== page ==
* VindicatedByCable: The film was a failure at the box office, but has become a classic in the years since.
* WagTheDirector: Creator/GeneWilder insisted on the disability fake out / somersault bit being included in Wonka's introduction because he had read the book, and saw Willy Wonka as something of a trickster. Mel Stuart, who had basically waived audition protocol and simply given Gene the part based on his resume, was not about to turn Gene down. Gene was also in full control of his costume, from the dimensions to the colors to the number of pockets. Read his thoughts [[http://www.wmagazine.com/story/gene-wilder-willy-wonka-costume here]].
* WhatCouldHaveBeen:
** Jean Stapleton was offered the role of Mike Teevee's mother at the same time she was also being offered the role of [[Series/AllInTheFamily Edith Bunker]]. Even the director, who begged her to be in the movie, later admitted that she made the right choice.
** Creator/FredAstaire was interested in playing Willy Wonka, but was ruled out as being too old.
** Joel Grey was also considered for the Wonka role. While he was a good match for the character's description in the novel, the filmmakers didn't think he would have the larger-than-life, commanding presence the character requires on screen, since he wasn't much taller than the kids would be.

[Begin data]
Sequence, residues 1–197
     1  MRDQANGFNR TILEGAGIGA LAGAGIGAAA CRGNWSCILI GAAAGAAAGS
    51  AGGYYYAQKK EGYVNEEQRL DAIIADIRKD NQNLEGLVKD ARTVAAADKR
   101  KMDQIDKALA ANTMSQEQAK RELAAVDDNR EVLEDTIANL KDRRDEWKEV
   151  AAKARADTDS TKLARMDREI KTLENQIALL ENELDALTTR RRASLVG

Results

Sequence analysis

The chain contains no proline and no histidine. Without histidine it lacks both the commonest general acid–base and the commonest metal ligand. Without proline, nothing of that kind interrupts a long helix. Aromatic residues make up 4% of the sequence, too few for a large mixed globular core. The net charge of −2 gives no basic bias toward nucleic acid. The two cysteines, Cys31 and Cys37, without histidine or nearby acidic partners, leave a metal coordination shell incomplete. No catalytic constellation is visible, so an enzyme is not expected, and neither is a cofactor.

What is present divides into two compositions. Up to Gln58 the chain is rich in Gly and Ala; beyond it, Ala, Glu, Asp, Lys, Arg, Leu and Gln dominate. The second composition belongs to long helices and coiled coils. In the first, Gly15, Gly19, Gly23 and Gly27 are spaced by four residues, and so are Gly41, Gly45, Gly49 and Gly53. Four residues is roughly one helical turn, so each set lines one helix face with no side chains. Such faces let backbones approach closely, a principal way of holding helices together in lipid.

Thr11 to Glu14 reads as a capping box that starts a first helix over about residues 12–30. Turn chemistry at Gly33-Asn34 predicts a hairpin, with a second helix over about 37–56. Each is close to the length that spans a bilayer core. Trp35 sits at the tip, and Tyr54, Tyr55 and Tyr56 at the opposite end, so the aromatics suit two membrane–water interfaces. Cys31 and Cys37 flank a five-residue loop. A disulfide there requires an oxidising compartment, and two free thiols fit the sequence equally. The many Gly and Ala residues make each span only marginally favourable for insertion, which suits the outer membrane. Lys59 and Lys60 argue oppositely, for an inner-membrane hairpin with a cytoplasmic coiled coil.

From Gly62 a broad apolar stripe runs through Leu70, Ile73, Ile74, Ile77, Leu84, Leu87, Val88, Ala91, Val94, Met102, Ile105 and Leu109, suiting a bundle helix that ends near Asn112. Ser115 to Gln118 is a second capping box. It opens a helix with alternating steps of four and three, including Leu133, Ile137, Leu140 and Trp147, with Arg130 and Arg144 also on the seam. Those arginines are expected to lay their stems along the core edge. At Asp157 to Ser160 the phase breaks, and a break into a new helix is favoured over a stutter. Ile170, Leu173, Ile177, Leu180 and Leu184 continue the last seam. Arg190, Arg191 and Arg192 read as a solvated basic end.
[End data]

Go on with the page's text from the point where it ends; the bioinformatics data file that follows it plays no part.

** The songwriters wanted Creator/SammyDavisJr to play Bill the candy shop owner, but director Mel Stuart felt that StuntCasting the role would be too distracting for the audience and hurt the distinction between the real world the first half of the film takes place in and the unreal world of the factory. He nixed the idea of having "I've Got a Golden Ticket" become a CrowdSong for similar reasons.
** The entirety of Creator/MontyPython expressed interest in playing Willy Wonka, but they were all rejected because they weren't very well-known outside of the UK.
** Creator/JonPertwee was one of many people considered to play Wonka, but he was busy with ''Series/DoctorWho''.
** Creator/RoaldDahl reportedly wanted Creator/SpikeMilligan to play the part of Willy Wonka. The fact that Milligan was not cast as Wonka was allegedly one of the reasons Dahl refused to allow ''Charlie And The Great Glass Elevator'' to be made into a movie, even writing that decision into his will. (Dahl also would have been happy with Creator/PeterSellers, but Milligan was his first choice.)
** A great many British comedians were considered for Willy Wonka, including Creator/MichaelCrawford, Creator/FrankieHowerd, Film/CarryOn stars Creator/SidneyJames and Creator/KennethWilliams and double-act Creator/PeterCook and Creator/DudleyMoore.
** [[Series/GilligansIsland Jim Backus]] was the original choice for Mr. Salt, but he was considered too recognizable a figure.
** According to an interview with Peter Ostrum, [[Film/{{Oliver}} Mark Lester]] was turned down for the role of Charlie because of his high-pitched singing voice.